The conquest of England in 1066 by William, duke of Normandy, introduced into England, as the language of the rulers and (for a time) most of the writers, the dialects spoken in Normandy (see also Anglo-Norman Literature). Confined in their native country to definite areas, these dialects, following their speakers, became mixed in England, so that their forms were used to some extent indifferently; and the constant communication with Normandy maintained during several reigns introduced also later forms of continental Norman. As the conquerors learned the language of the conquered, and as the more cultured of the latter learned that of the former, the Norman of England (including that of the English-speaking Lowlands of Scotland) became anglicized; instead of following the changes of the Norman of France, it followed those of English. The accession in 1154 of Henry II. of Anjou disturbed the Norman character of Anglo-French, and the loss of Normandy under John in 1204 gave full play to the literary importance of the French of Paris, many of whose forms afterwards penetrated to England. At the same time English, with a large French addition to its vocabulary, was steadily recovering its supremacy, and is officially employed (for the first time since the Conquest) in the Proclamation of Henry III., 1258. The semi-artificial result of this mixture of French of different dialects and of different periods, more or less anglicized according to the date or education of the speaker or writer, is generally termed “the Anglo-Norman dialect”; but the term is misleading for a great part of its existence, because while the French of Normandy was not a single dialect, the later French of England came from other French provinces besides Normandy, and being to a considerable extent in artificial conditions, was checked in the natural development implied by the term “dialect.” The disuse of Anglo-French as a natural language is evidenced by English being substituted for it in legal proceedings in 1362, and in schools in 1387; but law reports were written in it up to about 1600, and, converted into modern literary French, it remains in official use for giving the royal assent to bills of parliament.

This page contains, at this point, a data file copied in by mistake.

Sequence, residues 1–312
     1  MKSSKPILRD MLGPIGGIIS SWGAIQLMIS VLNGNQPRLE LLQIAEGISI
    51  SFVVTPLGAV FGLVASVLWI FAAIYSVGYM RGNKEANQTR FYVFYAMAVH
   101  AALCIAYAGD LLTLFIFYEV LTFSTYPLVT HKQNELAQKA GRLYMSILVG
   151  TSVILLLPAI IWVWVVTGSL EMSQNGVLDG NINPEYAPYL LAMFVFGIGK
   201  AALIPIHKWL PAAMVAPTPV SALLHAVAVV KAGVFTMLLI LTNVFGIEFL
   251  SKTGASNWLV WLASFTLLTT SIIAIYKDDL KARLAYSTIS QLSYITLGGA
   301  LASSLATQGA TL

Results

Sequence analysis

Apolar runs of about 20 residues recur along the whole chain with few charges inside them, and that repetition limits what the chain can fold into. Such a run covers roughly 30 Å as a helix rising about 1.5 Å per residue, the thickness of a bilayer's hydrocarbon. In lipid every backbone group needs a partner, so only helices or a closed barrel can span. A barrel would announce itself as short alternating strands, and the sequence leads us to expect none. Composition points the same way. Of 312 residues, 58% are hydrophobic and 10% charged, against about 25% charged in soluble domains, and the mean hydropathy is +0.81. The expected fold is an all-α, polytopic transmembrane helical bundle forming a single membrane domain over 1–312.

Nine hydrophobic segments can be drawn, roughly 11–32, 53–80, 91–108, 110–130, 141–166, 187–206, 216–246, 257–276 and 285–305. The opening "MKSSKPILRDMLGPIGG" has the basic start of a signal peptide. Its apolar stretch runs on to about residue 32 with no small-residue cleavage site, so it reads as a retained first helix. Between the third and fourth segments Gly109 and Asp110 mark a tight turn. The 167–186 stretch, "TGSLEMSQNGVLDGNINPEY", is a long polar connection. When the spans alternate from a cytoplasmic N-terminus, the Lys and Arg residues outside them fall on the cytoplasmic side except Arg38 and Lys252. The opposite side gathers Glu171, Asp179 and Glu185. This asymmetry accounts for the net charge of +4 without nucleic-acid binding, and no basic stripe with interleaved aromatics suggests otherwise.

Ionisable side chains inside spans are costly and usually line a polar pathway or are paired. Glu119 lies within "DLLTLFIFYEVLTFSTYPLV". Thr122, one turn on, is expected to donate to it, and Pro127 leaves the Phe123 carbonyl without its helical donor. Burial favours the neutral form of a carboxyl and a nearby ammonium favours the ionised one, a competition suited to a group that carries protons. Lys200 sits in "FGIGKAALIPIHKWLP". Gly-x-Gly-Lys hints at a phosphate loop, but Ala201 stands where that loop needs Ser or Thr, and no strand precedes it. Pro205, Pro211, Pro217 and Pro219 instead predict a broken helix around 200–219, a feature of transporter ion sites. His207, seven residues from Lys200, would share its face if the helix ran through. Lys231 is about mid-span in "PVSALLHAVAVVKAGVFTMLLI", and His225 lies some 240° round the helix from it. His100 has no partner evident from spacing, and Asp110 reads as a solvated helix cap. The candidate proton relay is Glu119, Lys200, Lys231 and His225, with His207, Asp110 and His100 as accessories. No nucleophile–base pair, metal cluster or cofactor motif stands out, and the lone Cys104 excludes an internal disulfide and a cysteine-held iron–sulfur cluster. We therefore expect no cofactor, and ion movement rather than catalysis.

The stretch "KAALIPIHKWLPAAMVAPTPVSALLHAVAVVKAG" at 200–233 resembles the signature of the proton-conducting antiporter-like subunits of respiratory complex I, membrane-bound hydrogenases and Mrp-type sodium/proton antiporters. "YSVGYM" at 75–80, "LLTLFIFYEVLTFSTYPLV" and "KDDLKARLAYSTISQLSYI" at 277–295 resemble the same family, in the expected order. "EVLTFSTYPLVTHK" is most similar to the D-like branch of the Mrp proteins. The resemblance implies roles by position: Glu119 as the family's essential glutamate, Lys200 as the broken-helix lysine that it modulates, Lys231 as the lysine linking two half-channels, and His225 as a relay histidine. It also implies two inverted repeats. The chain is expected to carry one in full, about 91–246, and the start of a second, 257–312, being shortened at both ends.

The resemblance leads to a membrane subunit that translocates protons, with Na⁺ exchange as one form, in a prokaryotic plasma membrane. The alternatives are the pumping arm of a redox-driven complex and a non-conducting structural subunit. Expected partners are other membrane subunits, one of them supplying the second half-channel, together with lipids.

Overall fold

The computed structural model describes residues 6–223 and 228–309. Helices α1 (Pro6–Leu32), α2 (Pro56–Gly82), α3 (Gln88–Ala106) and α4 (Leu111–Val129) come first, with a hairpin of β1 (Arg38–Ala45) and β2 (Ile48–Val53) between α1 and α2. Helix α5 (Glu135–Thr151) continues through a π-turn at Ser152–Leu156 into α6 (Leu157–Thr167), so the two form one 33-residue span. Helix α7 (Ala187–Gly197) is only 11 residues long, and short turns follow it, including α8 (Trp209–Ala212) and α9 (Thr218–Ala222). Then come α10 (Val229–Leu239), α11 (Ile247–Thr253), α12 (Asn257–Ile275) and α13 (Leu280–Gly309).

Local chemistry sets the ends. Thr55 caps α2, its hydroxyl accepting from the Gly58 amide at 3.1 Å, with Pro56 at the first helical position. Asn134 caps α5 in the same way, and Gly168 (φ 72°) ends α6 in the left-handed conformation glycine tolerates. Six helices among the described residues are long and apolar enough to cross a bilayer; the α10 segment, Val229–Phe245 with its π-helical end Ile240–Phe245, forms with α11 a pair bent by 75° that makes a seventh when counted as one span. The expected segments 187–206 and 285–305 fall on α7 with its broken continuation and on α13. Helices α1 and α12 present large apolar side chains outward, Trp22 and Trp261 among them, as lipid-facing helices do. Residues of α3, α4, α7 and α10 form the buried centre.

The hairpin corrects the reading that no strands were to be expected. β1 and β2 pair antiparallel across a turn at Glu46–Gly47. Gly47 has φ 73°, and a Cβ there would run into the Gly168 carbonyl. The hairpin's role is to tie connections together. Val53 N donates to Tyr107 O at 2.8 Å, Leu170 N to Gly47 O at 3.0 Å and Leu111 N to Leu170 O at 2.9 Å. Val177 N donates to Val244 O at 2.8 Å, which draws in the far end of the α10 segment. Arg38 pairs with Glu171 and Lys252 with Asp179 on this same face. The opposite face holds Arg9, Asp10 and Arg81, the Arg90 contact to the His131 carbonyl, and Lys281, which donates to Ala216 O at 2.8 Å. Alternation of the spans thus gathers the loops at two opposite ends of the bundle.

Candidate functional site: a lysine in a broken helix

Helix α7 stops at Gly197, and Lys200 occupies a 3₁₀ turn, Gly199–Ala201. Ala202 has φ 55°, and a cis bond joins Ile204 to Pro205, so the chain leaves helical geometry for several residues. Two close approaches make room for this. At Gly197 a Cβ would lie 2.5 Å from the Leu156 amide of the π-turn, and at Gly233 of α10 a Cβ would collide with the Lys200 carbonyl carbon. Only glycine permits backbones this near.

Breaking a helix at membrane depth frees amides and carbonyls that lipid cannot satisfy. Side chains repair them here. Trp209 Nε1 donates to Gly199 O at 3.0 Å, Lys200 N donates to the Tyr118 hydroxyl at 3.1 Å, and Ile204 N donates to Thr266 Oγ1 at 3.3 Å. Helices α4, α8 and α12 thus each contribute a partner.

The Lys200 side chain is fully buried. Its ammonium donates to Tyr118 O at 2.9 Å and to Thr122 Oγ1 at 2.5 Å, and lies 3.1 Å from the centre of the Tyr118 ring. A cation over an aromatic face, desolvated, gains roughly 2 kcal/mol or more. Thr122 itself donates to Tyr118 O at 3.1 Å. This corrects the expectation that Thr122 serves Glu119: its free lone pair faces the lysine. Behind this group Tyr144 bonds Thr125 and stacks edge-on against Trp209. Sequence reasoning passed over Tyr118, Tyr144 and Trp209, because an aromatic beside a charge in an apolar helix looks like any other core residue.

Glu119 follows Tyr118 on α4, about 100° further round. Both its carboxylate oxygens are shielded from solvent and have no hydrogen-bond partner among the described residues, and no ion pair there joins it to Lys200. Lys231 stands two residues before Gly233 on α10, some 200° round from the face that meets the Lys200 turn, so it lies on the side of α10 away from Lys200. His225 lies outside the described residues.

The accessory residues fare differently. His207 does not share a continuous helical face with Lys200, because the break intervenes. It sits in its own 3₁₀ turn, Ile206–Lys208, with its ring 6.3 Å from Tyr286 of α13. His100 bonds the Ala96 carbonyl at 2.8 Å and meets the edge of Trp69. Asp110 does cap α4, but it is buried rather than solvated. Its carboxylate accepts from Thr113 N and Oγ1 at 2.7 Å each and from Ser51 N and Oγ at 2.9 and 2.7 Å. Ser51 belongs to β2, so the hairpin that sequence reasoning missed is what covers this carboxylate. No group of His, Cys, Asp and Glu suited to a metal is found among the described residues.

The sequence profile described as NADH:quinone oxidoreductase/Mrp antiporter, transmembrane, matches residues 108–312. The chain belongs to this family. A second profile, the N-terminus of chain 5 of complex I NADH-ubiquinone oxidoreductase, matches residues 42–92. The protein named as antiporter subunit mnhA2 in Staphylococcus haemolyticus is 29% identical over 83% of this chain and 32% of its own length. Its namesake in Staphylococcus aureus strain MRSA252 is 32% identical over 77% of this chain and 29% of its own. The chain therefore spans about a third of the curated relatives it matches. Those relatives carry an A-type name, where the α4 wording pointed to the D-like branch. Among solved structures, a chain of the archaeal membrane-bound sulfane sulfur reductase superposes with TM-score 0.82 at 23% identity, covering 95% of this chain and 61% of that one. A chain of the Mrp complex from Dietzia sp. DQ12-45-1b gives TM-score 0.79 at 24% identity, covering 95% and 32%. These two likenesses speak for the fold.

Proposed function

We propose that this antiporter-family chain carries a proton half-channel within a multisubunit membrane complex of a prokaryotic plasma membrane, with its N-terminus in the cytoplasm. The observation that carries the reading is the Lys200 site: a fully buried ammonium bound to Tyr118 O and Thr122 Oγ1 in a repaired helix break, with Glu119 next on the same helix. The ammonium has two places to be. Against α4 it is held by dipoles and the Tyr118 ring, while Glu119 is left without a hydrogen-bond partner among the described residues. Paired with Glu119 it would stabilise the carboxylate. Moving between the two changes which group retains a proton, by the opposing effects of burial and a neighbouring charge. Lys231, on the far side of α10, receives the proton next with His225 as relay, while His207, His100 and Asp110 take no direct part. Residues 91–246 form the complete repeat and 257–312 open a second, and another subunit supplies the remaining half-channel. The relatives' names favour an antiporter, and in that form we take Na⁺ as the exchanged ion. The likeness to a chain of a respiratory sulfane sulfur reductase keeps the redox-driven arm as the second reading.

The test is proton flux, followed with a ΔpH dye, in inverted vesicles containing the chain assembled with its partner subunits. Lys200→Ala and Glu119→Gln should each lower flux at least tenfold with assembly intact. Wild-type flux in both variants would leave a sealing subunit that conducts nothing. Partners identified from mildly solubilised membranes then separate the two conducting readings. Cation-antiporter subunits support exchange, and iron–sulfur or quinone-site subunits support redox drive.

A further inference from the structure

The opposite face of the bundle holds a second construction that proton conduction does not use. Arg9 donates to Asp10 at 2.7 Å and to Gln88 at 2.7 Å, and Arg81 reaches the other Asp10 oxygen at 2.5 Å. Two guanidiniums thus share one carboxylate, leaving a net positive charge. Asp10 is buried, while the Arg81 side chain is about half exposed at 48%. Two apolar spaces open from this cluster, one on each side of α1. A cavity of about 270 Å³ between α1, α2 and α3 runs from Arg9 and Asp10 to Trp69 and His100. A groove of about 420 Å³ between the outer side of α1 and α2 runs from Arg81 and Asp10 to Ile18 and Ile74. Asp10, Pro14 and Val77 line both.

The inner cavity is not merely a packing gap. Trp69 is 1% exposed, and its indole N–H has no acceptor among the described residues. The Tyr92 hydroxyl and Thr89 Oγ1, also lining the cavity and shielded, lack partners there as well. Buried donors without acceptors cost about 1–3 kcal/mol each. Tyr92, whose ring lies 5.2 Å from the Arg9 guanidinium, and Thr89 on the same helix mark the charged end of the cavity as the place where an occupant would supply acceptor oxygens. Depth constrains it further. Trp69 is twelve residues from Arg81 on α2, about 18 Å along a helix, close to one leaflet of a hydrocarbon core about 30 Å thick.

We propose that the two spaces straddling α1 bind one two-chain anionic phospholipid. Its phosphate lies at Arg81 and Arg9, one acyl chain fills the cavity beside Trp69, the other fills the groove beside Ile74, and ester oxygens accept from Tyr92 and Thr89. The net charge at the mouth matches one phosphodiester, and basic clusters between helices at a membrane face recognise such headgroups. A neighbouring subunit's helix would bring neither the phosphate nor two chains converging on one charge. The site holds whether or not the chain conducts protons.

(b) Literary.—Doubtless because the popular Latin of northern Gaul changed more rapidly than that of any other part of the empire, French was, of all the Romanic dialects, the first to be recognized as a distinct language, and the first to be used in literature; and though the oldest specimen now extant is probably not the first, it is considerably earlier than any existing documents of the allied languages. In 813 the council of Tours ordered certain homilies to be translated into Rustic Roman or into German; and in 842 Louis the German, Charles the Bald, and their armies confirmed their engagements by taking oaths in both languages at Strassburg. These have been preserved to us by the historian Nithard (who died in 853); and though, in consequence of the only existing manuscript (at Paris) being more than a century later than the time of the author, certain alterations have occurred in the text of the French oaths, they present more archaic forms (probably of North-Eastern French) than any other document. The next memorials are a short poem, probably North-Eastern, on St Eulalia, preserved in a manuscript of the 10th century at Valenciennes, and some autograph fragments (also at Valenciennes) of a homily on the prophet Jonah, in mixed Latin and Eastern French, of the same period. To the same century belong a poem on Christ’s Passion, apparently in a mixed (not intermediate) language of French and Provençal, and one, probably in South-Eastern French, on St Leger; both are preserved, in different handwritings, in a MS. at Clermont-Ferrand, whose scribes have introduced many Provençal forms. After the middle of the 11th century literary remains are comparatively numerous; the chief early representative of the main dialects are the following, some of them preserved in several MSS., the earliest of which, however (the only ones here mentioned), are in several cases a generation or two later than the works themselves. In Western French are a verse life of St Alexius (Alexis), probably Norman, in an Anglo-Norman MS. at Hildesheim; the epic poem of Roland, possibly also Norman, in an A.-N. MS. at Oxford; a Norman verbal translation of the Psalms, in an A.-N. MS. also at Oxford; another later one, from a different Latin version, in an A.-N. MS. at Cambridge; a Norman translation of the Four Books of Kings, in a probably A.-N. MS. at Paris. The earliest work in the Parisian dialect is probably the Travels of Charlemagne, preserved in a late Anglo-Norman MS. with much altered forms. In Eastern French, of rather later date, there are translations of the Dialogues of Pope Gregory, in a MS. at Paris, containing also fragments of Gregory’s Moralities, and (still later) of some Sermons of St Bernard, in a MS. also in Paris. From the end of the 12th century literary and official documents, often including local charters, abound in almost every dialect, until the growing influence of Paris caused its language to supersede in writing the other local ones. This influence, occasionally apparent about the end of the 12th century, was overpowering in the 15th, when authors, though often displaying provincialisms, almost all wrote in the dialect of the capital; the last dialect to lose its literary independence was the North-Eastern, which, being the Romanic language of Flanders, had a political life of its own, and (modified by Parisian) was used in literature after 1400.